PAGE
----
On the continued theme of make-up and geeks, a few of my friends on twitter noticed that Geek Chic Cosmetics had a lip gloss with a ‘charming’ name, and emailed in to protest about the propagation of rape culture. Some engaged with the company over twitter, and then also sent emails in. They decided to respond in a very snide and dismissive manner. I am even less impressed with this response than I was with finding out the original name. I’ve not ordered anything from the company, as me wearing makeup is a pretty rare event.
Plus I don’t really see the point in wearing make-up that is pretty much the same as any other vegan make up out there, just with some ‘geek’ names and themes and extra costs through customs. However I am a talkative geek who happens to be a woman on the internets, and is otherwise relatively feminine in my tastes so seeing a company that aligns itself with ‘geek’ and ‘women’ behave this way is very much a facepalm moment.
Trying to please everyone
So what is a tiny 3 person operation to do? The same thing we do every night, Pinky. Try to please as many people as we can, as often as we can. It’s entirely possible that we have lost more potential happy customers to this accidental offense. While we don’t share the displeasure reported over the name of the item, we don’t have to in order to be sensitive and adjust, if it’s called for.
I’d like to point out that removing references to ‘joke rape’ from products marketed mainly to women is not about ‘pleasing everyone’. Leaving the reference in is hurtful to women. In some cases it might be an out and out trigger (which is not the same as finding a topic distasteful, so please don’t accuse people of pearl clutching.) Taking the bad pun out hurts no one. Leaving it in is somewhat alienating and dismissive. Disappointing a few customers who like a pun is not the same as being respectful of your customer base at large and the issues that face women everywhere.
Understanding rape culture
Finally, like we have to say it, the assertion that we condone rape or belong to the “rape culture” is absolutely untrue. We can’t address an issue that you don’t voice. Geek Chic Cosmetics is not a faceless, nameless, corporate entity. It’s a small business run by those three very human beings above. To reiterate our open door policy, email us first, give us a day before you unleash the hounds on us. We’re here for you.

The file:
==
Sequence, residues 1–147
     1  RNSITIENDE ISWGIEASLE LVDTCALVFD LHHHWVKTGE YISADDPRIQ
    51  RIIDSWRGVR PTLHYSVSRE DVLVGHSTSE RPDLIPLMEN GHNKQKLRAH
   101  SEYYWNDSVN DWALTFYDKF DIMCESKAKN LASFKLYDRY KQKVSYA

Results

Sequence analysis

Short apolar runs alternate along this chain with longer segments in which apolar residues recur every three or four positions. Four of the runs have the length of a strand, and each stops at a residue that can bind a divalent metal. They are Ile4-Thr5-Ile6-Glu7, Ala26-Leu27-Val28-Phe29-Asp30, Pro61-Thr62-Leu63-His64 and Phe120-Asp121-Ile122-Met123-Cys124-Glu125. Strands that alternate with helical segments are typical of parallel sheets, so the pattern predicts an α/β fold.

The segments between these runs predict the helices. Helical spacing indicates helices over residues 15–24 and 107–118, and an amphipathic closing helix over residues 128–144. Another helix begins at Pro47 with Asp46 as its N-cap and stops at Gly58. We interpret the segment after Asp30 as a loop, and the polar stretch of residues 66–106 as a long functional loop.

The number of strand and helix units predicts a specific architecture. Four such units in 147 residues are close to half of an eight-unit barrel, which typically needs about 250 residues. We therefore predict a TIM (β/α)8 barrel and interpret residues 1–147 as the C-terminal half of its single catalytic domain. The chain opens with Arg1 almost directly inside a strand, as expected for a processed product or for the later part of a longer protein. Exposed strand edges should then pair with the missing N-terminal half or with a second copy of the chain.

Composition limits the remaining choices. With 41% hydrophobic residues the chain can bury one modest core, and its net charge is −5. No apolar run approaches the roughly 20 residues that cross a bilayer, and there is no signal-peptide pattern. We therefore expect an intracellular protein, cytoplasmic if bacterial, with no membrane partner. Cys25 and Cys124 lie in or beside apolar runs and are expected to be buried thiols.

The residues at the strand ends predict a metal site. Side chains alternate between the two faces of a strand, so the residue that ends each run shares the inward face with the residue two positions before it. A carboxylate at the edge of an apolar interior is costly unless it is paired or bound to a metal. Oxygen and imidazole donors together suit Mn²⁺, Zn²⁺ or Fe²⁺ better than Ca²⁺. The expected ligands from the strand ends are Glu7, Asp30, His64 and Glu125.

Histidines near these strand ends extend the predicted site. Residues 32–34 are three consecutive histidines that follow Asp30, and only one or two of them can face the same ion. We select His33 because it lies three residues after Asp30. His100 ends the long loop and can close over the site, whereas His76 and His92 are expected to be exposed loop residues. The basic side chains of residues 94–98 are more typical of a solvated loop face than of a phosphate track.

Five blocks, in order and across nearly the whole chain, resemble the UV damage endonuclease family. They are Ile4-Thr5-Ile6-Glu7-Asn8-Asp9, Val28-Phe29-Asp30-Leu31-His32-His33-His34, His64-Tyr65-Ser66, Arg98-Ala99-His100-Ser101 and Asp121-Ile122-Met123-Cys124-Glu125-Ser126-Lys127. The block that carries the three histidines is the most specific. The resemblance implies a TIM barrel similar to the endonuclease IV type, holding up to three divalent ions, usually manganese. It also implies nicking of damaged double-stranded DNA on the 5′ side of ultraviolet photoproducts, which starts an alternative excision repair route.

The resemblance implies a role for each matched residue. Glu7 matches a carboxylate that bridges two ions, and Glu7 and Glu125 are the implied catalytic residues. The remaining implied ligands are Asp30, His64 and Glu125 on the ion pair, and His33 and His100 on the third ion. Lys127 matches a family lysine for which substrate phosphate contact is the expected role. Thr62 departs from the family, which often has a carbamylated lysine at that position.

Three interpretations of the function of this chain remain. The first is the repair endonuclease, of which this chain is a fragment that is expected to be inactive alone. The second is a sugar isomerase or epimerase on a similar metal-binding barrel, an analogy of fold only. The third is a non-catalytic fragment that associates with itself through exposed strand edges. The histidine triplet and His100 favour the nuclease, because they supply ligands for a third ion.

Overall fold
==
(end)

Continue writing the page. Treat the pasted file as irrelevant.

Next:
You’re not faceless, but you’re reacting in a way that completely misunderstands the criticisms and issues surrounding rape culture. By keeping such a name in the product line, Geek Chic Cosmetics is participating in rape culture – even though of course the individuals involved wouldn’t condone the trivialisation of rape. That casual parody and normalisation of rape is exactly what ‘rape culture’ is, just as beauty standards in the media make idealised bodies the new ‘normal’.
A lot of this stuff is internalised. I really wish companies would not underestimate this.
The privilege of politeness and professionalism
As a professional I am not obliged to put up with abuse from companies, but when a customer (potential or otherwise) is legitimately angry about something I’d probably be expected to suck it up and handle it as professional as possible at my end of things. If a contact is that angry about something, I’m not allow to be snarky or anything back. We’d all appreciate it if all contact with us was civil manner, but asking for professionalism from non-professionals is a bit snide in a retail environment.